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Transport Minister Steven Joyce ignored expert advice to cut the drink-drive limit and save lives after pointed questions from the Prime Minister's office suggesting there might be a public backlash.
John Key's office wrote directly to officials in the Ministry of Transport to ask if proposed changes to the limit meant "one glass of wine could put a person over the limit".
The concern, outlined in papers released under the Official Information Act, reveals fears that the public would react badly to a cut in the drink-drive limit - even though research and polls show most drivers are keen to see the limit reduced.
More than 8000 people have joined the Herald on Sunday Two Drinks Max campaign, promising to not drive after more than two standard alcoholic drinks.
But Joyce is refusing to cut the limit, saying more research is needed - despite his advisers telling him the delay will cost more lives.
His refusal came after John Hay, a prime ministerial policy adviser, sent officials a newspaper story from Britain where a similar debate is taking place.
The report included the claim that a limit cut from 80mg of alcohol per 100ml of blood to 50mg would mean some people could have only a glass of wine or pint of beer.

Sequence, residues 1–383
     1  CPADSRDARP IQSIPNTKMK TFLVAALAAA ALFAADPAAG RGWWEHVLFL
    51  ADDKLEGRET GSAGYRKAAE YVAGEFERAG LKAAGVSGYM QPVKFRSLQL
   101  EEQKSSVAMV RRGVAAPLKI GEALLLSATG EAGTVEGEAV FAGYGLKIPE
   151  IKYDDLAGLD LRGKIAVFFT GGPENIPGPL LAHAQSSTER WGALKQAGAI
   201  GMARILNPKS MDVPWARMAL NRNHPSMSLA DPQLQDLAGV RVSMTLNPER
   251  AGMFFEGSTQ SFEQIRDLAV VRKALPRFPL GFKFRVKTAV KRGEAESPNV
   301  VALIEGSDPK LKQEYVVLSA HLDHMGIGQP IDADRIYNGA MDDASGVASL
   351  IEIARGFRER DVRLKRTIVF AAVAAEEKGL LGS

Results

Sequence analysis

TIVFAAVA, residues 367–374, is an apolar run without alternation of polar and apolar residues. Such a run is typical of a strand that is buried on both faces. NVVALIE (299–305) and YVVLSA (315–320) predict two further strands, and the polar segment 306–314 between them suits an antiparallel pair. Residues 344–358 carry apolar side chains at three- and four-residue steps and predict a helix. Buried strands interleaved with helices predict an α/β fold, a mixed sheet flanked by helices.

Hay said he needed a briefing so he could inform Key "as it is an issue he is concerned about". In a separate email, Hay also asked if officials had considered harsher penalties on people who had broken the existing limit of 80mg.
Officials told Key's office that the number of drinks a driver could legally consume before driving depended on a driver's height and weight. But they said a reduced limit would still mean someone of average size and build could legally have two drinks in the first hour and one drink each hour thereafter.
A senior official warned: "Drivers with a blood-alcohol content of [80mg], who are legally entitled to drive, are significantly impaired."